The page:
Are Low-Income Programs Enlarging the Nation’s Long-Term Fiscal Problem? — Center on Budget and Policy Priorities, May 2012
"Several conservative analysts and some journalists lately have cited figures showing substantial growth in recent years in the cost of federal programs for low-income Americans. These figures can create the mistaken impression that growth in low-income programs is a major contributor to the nation’s long-term fiscal problems.
In reality, virtually all of the recent growth in spending for means-tested programs is due to two factors: the economic downturn and rising costs throughout the U.S. health care system, which affect costs for private-sector care as much as for Medicaid and other government health care programs."
poverty  government  subsidies  x:CBP  budget 
june 2012 by pierredv
Who Knew? - Yahoo! News
Highway numbers aren't random -- and mean more than you might expect. Learn the government's road code, and drivers can often figure out where a highway's headed just from knowing the number.""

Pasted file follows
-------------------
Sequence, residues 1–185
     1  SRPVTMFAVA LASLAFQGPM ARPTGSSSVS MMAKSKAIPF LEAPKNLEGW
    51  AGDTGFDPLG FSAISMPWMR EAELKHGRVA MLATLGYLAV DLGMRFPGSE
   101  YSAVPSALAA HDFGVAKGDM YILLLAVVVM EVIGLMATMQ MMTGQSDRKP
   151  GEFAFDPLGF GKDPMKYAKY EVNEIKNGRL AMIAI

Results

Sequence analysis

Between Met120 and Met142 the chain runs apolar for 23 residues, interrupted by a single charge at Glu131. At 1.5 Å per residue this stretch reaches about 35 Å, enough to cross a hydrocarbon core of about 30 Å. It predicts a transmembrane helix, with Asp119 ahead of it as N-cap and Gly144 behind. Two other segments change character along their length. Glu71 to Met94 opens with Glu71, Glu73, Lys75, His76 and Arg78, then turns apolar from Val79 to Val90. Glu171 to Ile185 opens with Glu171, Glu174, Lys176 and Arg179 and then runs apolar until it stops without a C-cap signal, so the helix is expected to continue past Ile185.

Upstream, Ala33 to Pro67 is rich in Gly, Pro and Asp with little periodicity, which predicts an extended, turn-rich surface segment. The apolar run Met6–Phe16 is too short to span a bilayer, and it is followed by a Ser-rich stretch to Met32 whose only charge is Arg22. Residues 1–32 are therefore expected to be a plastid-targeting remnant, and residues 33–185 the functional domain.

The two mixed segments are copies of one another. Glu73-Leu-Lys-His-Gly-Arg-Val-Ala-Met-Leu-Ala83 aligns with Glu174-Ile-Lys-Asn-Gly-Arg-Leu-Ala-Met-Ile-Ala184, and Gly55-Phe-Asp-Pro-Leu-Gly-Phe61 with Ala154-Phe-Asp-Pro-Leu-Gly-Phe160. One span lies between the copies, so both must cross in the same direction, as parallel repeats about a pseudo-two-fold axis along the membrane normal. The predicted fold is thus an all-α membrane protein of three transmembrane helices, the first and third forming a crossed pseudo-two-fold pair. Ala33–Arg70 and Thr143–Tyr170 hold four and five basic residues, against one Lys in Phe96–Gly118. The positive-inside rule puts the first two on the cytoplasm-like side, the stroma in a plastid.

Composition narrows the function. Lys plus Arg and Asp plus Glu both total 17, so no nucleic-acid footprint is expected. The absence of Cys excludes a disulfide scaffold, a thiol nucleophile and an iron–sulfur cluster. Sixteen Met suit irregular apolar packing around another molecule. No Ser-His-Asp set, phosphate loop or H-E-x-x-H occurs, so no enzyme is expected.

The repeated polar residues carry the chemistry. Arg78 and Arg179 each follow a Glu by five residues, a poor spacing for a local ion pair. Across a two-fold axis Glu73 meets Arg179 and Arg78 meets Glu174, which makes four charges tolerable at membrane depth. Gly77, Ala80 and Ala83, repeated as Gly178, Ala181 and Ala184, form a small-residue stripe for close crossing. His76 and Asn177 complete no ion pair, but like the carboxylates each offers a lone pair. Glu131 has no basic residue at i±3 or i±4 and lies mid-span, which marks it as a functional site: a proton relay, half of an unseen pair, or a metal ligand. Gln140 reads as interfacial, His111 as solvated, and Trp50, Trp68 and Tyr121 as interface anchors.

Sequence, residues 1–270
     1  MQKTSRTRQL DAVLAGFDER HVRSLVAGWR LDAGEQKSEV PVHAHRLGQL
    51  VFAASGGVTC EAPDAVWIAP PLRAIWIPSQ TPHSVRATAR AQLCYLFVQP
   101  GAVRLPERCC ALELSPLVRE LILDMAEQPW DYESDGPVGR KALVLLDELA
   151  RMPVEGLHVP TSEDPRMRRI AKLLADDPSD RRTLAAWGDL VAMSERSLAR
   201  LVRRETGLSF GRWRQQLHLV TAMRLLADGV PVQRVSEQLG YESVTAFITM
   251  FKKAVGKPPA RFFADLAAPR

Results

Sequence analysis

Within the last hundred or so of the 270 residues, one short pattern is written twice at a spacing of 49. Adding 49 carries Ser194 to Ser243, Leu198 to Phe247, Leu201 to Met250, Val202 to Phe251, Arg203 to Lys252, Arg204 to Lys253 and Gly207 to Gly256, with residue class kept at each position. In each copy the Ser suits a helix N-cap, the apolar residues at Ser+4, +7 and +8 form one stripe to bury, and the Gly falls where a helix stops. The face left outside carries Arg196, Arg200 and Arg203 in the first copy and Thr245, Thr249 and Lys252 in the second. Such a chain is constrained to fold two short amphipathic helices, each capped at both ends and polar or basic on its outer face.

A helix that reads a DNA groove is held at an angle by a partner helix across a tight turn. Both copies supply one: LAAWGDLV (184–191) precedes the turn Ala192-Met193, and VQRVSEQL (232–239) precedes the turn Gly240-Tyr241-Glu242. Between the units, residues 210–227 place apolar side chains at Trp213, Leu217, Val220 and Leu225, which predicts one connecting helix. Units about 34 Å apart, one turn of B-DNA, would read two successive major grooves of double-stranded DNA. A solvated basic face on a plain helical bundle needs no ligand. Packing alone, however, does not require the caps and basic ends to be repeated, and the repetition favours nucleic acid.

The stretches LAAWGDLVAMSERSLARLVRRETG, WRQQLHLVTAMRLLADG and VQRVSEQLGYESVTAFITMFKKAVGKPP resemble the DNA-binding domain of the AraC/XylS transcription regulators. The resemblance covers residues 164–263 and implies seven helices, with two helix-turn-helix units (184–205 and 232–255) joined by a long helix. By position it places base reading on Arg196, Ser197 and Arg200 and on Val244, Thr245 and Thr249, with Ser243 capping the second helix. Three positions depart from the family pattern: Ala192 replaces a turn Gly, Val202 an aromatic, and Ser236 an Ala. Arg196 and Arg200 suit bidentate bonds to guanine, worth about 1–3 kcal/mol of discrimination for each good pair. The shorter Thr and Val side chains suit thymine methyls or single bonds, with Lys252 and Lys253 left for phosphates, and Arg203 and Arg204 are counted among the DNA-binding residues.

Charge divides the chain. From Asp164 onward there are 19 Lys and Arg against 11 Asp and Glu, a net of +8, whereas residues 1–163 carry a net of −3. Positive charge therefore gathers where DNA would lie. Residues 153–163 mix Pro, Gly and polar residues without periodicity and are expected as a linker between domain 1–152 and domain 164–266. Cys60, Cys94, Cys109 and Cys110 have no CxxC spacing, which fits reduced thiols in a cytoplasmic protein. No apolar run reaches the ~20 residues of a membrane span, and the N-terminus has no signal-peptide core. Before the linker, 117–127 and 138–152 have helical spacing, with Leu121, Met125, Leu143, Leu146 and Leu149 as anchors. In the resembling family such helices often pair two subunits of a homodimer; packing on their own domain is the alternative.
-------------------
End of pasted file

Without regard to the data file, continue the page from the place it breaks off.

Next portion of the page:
video  travel  government  numbers  via:gmsv 
may 2011 by pierredv
Do or die in state hospital reform =
"The changes foresee the hospitals keeping proper accounting books, which would involve them recording what money is spent, not just what cash they receive from the state, as is the case at 26 of the 30 hospitals at the moment."
government  waste  healthcare  greece  via:adrianashum 
october 2010 by pierredv
When it comes to broadband grants, familiarity breeds awards -- Urgent Communications article
"The U.S. government has issued nearly all of the $7.2 billion earmarked for rural broadband loans and grants. And it appears most of the winners are individual companies rather than communities and co-ops, said Craig Settles"
broadband  urgentcomm  government 
september 2010 by pierredv